Also, LV is a reasonable distance to some of the best national parks in the country, especially in southern Utah and Arizona. For that matter, southern Cal is only a few hours away by car.

The COL is low, and the airport will connect you easily to virtually anywhere else you want to go.

I would be interested in hearing others chime in on Vegas as an early retirement locale.
It's almost 5 hrs from LV to Los Angeles. That's more than a few hrs at least by my reckoning. There are some good restaurants but both food and entertainment are a couple tiers down from the bigger cities. On The other hand the cost of living is pretty good. Personally I would consider LV as a decent choice as a home base if i was doing a lot of traveling. I have a couple friends in their late 70's that live there and they are happy with health facilties etc. they find themselves making regular trips to la to fulfill their cultural entertainent needs though. Not a problem for them cause they combine that with visits to their kids.
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Old 11-10-2012, 08:26 PM   #45
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In case anybody missed out, here are the dangers facing a newcomer to Texas: Peril in Texas.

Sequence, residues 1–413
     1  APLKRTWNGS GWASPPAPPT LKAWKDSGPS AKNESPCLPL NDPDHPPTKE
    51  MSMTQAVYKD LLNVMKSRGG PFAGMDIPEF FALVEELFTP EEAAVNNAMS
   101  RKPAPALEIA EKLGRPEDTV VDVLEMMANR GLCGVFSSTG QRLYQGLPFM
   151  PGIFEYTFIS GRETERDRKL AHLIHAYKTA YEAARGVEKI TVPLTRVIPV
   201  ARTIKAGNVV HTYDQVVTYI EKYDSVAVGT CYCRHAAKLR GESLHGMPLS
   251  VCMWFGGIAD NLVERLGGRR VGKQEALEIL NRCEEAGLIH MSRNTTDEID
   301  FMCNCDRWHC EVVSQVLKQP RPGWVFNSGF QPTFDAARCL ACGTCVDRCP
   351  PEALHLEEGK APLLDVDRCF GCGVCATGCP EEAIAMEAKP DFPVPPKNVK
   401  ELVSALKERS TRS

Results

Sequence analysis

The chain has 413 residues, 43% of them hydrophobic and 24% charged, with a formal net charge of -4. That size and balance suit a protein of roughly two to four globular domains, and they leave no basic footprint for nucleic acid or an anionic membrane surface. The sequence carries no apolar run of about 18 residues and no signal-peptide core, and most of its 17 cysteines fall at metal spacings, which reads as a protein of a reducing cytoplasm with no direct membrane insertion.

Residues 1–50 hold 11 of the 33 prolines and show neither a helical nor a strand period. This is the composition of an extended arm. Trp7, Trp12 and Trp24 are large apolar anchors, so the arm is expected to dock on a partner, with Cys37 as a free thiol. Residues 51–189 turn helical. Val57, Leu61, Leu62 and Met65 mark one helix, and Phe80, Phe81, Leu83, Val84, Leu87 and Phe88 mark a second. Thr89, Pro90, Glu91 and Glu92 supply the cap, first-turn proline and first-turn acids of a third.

Reading that list it sounds surprising that anyone could survive in Texas, let alone live an enjoyable life.

I think you're just exaggerating so no more people move there and you can have it all to yourself.
Hmmmmm - maybe not!

We had to "escort" a small rattler from our back yard this morning.

Fortunately, the little fellow was very docile, and didn't at all mind being picked up several times with trash pickers to get put into a bag, and then dumped unceremoniously near a ravine. Totally cool the whole time. Didn't realize he was in danger, I think.

Next time we'll get better snake handling equipment...

And continue to keep our eyes sharp!
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Old 11-11-2012, 08:27 AM   #46
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Never did see the thing, but for several years a snake was using one of the holly bushes in my front yard to moult. At first it was relatively small, maybe two feet, but the last time I noticed, the skin was maybe five feet long.

Glad he/she took up residence somewhere else...
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Old 11-11-2012, 08:36 AM   #47
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What was the topic again?

As for where to retire, for now I plan to stay put in Stepfordville, here in the Dallas burbs. Hope to travel a bit, and visit friends and places around the country. I'm okay with city life, though it definitely has drawbacks. But I personally find small town or rural living too parochial. Not that there aren't plenty of opinionated people in the city, but it's easier to blend in, and go about your business unmolested. Harder to go against the grain in Smallville.